Should we still offer split‐liver transplantation for two adult recipients? A retrospective study of our experience

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dc.contributor.author Giacomoni, Alessandro
dc.contributor.author Lauterio, Andrea
dc.contributor.author Donadon, Matteo
dc.contributor.author De Gasperi, Andrea
dc.contributor.author Belli, Luca
dc.contributor.author Slim, Abdallah
dc.contributor.author Dorobantu, Bogdan
dc.contributor.author Mangoni, Iacopo
dc.contributor.author De Carlis, Luciano
dc.date.accessioned 2019-06-11T10:59:44Z
dc.date.available 2019-06-11T10:59:44Z
dc.date.copyright 2008 en_US
dc.date.issued 2019-06-11
dc.identifier.issn 1527-6473 en_US
dc.identifier.uri http://hdl.handle.net/10725/10776
dc.description.abstract The role of split-liver transplantation (SLT) for two adult recipients is still a matter of debate, and no agreement exists on indications, surgical techniques, and results. The aim of this study was to retrospectively analyze the outcome of our series of SLT. From May 1999 to December 2006, 16 patients underwent SLT at our unit. We used 9 full right grafts (segments 5-8) and 7 full left grafts (segments 1-4). The splitting procedure was always carried out in situ with a fully perfused liver. Postoperative complications were recorded in 8 (50%) patients: 5 (55%) in full right grafts and 3 (43%) in full left grafts. No one was retransplanted. After a median follow-up of 55.82 months (range, 0.4-91.2), 5 (31%) patients died, and the 1-, 3-, and 5-year overall survival rate for patients and grafts was 69%. We considered as a control group for the global outcome 232 whole liver transplantations performed at our unit in the same period of time. Postoperative complications were recorded in 53 (23%) patients, and after a median follow-up of 57.37 months (mean, 55.11; range, 1-102.83), the 1-, 3-, and 5-year overall patient survival was 87%, 82%, and 80%, respectively. In conclusion, SLT for two adult recipients is a technically demanding procedure that requires complex logistics and surgical teams experienced in both liver resection and transplantation. Although the reported rate of survival might be adequate for such a procedure, more efforts have to be made to improve the short-term outcome, which is inadequate in our opinion. The true feasibility of SLT for two adults has to be considered as still under investigation. en_US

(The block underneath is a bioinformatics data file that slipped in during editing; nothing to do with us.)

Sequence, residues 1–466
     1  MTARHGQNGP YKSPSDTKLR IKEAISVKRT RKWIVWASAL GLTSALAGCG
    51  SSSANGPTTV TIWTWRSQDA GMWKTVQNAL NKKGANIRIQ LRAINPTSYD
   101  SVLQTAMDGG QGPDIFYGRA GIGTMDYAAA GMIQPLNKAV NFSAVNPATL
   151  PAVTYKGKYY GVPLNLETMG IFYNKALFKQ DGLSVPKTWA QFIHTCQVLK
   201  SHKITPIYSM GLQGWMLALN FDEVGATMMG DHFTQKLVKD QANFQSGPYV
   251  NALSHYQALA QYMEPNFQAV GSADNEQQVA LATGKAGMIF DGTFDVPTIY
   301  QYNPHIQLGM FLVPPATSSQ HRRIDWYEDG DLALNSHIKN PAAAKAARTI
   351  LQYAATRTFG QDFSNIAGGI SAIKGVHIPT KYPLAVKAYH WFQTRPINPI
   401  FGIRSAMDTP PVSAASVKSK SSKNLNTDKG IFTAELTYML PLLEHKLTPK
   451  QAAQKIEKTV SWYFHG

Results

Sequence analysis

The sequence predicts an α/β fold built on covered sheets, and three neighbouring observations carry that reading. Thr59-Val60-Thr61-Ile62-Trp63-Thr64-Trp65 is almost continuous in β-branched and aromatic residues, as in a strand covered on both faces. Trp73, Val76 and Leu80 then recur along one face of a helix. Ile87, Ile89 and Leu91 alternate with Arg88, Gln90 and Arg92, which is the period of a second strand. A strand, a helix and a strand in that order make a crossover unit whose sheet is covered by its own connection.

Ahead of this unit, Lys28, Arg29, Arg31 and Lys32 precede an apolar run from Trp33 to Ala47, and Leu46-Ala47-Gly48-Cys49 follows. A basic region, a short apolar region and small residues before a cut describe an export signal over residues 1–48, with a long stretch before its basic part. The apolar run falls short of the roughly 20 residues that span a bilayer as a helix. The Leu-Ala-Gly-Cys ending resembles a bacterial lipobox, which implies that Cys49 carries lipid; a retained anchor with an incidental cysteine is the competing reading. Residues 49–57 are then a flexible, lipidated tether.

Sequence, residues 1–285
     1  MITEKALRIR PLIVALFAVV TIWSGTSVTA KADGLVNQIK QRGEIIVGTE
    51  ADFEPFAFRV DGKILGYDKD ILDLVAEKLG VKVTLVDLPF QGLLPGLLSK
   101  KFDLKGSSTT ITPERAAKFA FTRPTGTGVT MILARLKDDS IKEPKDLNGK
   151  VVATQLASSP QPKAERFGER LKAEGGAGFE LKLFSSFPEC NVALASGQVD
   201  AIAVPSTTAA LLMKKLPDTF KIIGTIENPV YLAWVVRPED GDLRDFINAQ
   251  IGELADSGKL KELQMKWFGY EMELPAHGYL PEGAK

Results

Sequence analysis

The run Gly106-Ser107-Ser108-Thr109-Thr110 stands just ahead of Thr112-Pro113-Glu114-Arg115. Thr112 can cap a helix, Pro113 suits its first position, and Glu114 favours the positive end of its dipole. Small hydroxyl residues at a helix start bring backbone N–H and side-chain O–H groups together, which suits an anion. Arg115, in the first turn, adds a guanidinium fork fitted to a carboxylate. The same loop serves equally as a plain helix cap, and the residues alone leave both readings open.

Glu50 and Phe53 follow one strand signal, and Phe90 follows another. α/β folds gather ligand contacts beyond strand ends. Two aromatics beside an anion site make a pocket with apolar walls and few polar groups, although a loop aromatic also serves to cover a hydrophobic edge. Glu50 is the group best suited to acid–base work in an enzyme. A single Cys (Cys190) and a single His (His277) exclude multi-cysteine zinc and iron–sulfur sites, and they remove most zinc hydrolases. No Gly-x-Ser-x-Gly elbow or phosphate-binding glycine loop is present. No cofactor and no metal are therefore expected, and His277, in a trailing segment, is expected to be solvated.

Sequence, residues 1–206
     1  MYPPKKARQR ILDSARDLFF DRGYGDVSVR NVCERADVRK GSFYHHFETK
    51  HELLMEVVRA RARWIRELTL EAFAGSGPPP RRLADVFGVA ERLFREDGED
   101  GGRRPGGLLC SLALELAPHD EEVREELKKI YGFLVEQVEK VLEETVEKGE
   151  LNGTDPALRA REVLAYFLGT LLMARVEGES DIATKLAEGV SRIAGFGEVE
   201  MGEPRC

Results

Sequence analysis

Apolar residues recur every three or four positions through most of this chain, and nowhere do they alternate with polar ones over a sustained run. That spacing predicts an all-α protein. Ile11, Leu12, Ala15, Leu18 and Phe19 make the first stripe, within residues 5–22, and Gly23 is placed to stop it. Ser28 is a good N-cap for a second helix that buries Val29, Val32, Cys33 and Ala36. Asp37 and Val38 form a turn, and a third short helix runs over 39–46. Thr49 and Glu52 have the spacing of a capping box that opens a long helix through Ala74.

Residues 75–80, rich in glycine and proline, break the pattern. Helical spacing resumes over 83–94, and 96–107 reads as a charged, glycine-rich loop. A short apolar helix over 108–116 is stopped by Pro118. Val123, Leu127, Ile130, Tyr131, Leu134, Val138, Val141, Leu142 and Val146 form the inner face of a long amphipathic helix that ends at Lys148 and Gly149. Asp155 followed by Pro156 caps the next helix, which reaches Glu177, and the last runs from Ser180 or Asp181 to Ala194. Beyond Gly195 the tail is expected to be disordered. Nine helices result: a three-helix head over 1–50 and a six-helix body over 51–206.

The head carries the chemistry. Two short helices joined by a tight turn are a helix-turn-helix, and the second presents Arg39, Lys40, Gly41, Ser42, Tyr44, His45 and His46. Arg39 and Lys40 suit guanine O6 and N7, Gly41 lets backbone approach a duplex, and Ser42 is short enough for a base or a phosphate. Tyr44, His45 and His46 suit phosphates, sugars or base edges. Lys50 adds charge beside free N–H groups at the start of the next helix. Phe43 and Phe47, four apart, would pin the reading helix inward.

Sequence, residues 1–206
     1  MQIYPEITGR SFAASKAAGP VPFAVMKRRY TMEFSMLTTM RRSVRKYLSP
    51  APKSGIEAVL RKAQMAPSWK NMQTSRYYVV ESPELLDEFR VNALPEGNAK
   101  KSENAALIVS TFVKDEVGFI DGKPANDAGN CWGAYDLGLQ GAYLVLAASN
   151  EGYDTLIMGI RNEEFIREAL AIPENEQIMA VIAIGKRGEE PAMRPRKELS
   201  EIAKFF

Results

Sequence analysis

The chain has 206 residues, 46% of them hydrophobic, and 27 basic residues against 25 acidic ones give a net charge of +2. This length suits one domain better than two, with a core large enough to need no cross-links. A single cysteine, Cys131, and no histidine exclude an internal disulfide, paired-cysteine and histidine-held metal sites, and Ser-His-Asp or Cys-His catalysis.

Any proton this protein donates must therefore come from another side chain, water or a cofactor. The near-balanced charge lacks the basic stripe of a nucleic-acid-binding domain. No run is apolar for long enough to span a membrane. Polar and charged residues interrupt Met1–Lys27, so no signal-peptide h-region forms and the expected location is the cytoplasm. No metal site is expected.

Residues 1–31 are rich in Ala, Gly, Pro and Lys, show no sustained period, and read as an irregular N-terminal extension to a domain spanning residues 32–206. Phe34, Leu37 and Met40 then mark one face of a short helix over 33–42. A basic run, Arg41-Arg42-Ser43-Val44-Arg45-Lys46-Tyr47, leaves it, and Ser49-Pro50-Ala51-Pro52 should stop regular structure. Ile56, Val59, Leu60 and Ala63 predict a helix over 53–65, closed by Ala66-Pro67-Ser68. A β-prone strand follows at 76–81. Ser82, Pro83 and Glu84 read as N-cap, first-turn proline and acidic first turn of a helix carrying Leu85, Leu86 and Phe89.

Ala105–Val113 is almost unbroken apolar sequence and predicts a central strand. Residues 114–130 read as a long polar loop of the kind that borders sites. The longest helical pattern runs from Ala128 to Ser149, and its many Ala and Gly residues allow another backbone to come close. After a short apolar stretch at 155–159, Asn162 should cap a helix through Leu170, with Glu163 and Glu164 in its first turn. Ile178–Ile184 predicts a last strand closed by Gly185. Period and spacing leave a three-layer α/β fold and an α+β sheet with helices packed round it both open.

dc.language.iso en en_US
dc.title Should we still offer split‐liver transplantation for two adult recipients? A retrospective study of our experience en_US
dc.type Article en_US
dc.description.version Published en_US
dc.author.school SOM en_US
dc.author.idnumber 201801809 en_US
dc.author.department N/A en_US
dc.description.embargo N/A en_US
dc.relation.journal Liver Transplantation en_US
dc.journal.volume 14 en_US
dc.article.pages 999-1006 en_US
dc.identifier.doi https://doi.org/10.1002/lt.21466
dc.identifier.ctation Giacomoni, A., Lauterio, A., Donadon, M., De Gasperi, A., Belli, L., Slim, A., ... & De Carlis, L. (2008). Should we still offer split‐liver transplantation for two adult recipients? A retrospective study of our experience. Liver Transplantation, 14(7), 999-1006. en_US
dc.author.email abdallah.slim@lau.edu.lb en_US
dc.identifier.tou http://libraries.lau.edu.lb/research/laur/terms-of-use/articles.php en_US
dc.identifier.url https://aasldpubs.onlinelibrary.wiley.com/doi/pdf/10.1002/lt.21466 en_US
dc.author.affiliation Lebanese American University en_US

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